THE thing you have dreaded has happened. The school holidays have started – and your family have been pinged by Track and Trace.
But isolation doesn’t have to mean boredom. Here is our guide on how to keep the kids entertained without leaving your home.
We have lots of fun ways to keep the kids busy and entertained at home if you get pinged
Read-at-home bingo: Make a traditional bingo board of five squares by five squares. In each, write a different, age-appropriate reading challenge for your child to complete and cross off, eg, “I read to a sibling”. Award a prize for a complete bingo card.
Volcanic eruption: In an empty fizzy drink bottle, mix 10ml washing-up liquid, 100ml warm water, 400ml white vinegar and two drops red food colour.
In a bowl, dissolve half a cup of baking soda in half a cup of water. Pour quickly into bottle and watch the “volcano” erupt.
Teach kids a fun family game: Board games like chess and draughts have simple rules you can find online. You could even create a family tournament.
Explore the world from your lounge: Access worldwide cameras online to learn about geography and wildlife, such as on explore.org, or famous attractions. Then help your kids create a fact scrapbook on them.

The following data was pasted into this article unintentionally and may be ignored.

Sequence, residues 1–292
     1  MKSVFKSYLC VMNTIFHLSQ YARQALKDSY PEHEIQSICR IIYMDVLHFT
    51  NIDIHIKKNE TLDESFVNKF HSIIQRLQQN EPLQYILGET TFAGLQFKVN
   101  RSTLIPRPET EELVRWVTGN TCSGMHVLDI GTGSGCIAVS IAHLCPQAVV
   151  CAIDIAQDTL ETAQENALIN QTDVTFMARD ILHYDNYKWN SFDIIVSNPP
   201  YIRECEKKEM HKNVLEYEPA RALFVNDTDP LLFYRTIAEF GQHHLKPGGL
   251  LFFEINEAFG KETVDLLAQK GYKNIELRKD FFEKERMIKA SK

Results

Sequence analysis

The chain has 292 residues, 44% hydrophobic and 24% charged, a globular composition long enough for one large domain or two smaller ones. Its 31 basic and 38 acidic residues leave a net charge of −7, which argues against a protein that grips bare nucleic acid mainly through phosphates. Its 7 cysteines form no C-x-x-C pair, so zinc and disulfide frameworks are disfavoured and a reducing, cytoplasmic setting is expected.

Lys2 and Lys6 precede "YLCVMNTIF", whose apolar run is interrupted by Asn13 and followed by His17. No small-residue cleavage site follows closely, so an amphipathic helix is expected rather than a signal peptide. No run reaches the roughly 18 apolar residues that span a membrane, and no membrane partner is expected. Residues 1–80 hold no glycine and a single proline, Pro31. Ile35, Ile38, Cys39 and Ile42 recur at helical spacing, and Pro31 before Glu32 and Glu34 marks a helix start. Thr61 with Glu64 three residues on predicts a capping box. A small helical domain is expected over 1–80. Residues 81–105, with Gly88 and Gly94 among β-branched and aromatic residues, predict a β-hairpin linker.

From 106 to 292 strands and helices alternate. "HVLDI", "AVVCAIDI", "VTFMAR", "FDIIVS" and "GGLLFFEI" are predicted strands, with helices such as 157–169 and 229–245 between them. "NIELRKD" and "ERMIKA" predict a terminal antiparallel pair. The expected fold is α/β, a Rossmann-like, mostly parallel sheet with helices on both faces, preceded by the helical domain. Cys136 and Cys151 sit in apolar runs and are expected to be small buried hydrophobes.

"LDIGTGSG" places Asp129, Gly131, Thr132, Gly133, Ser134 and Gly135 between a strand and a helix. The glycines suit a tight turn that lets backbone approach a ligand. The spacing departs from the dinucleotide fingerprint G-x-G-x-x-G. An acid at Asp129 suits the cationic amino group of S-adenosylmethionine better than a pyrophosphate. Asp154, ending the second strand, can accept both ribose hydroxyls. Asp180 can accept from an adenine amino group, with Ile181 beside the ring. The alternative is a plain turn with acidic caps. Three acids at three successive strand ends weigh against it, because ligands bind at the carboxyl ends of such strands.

Scavenger hunt: Draw up a list of clues. For little ones it could be a rainbow hunt, for example, find something green.
Older kids will enjoy tougher questions like: Find a book that features a female heroine.
Set the timer on your mobile so your child can play again to beat their record.
Board games like chess and draughts have simple rules and you could even create a family tournamentCredit: Shutterstock
Film TikToks: Creating and sharing 15-second videos is great for all ages, as long as kids use a parent’s account so you are in control.
Little ones could make a dance routine for their favourite Disney movie, bigger kids could do so for their favourite tune.
Indoor hopscotch: This builds body strength, balance and hand-eye coordination. Use painter’s tape to mark out the numbered boxes.
Put on a show: This will exercise your child’s imagination, build confidence and improve communication.
If you make the props and costumes, you have filled up a few hours with arts and craft too.
Use a well-known picture book as your story, or the plot of a favourite film for older kids.
Obstacle course: Use objects from around your home to create this. Little ones can crawl over a row of chairs or beneath string stretched between two chair legs.
Use books to mark out a path that kids can run through holding a ball between their knees. Kids will love racing against the clock.
House volleyball: Tie string between two chairs to create a volleyball net and use a balloon as a ball to avoid breakages. Start a family tournament.
HAVING a routine in place for the days you are isolating will create calm. Get up and dressed at your usual time, as this will bring about a feeling of normality. Involve children in making a timetable so you can see at a glance how your week will pan out – the more colourful and fun the better.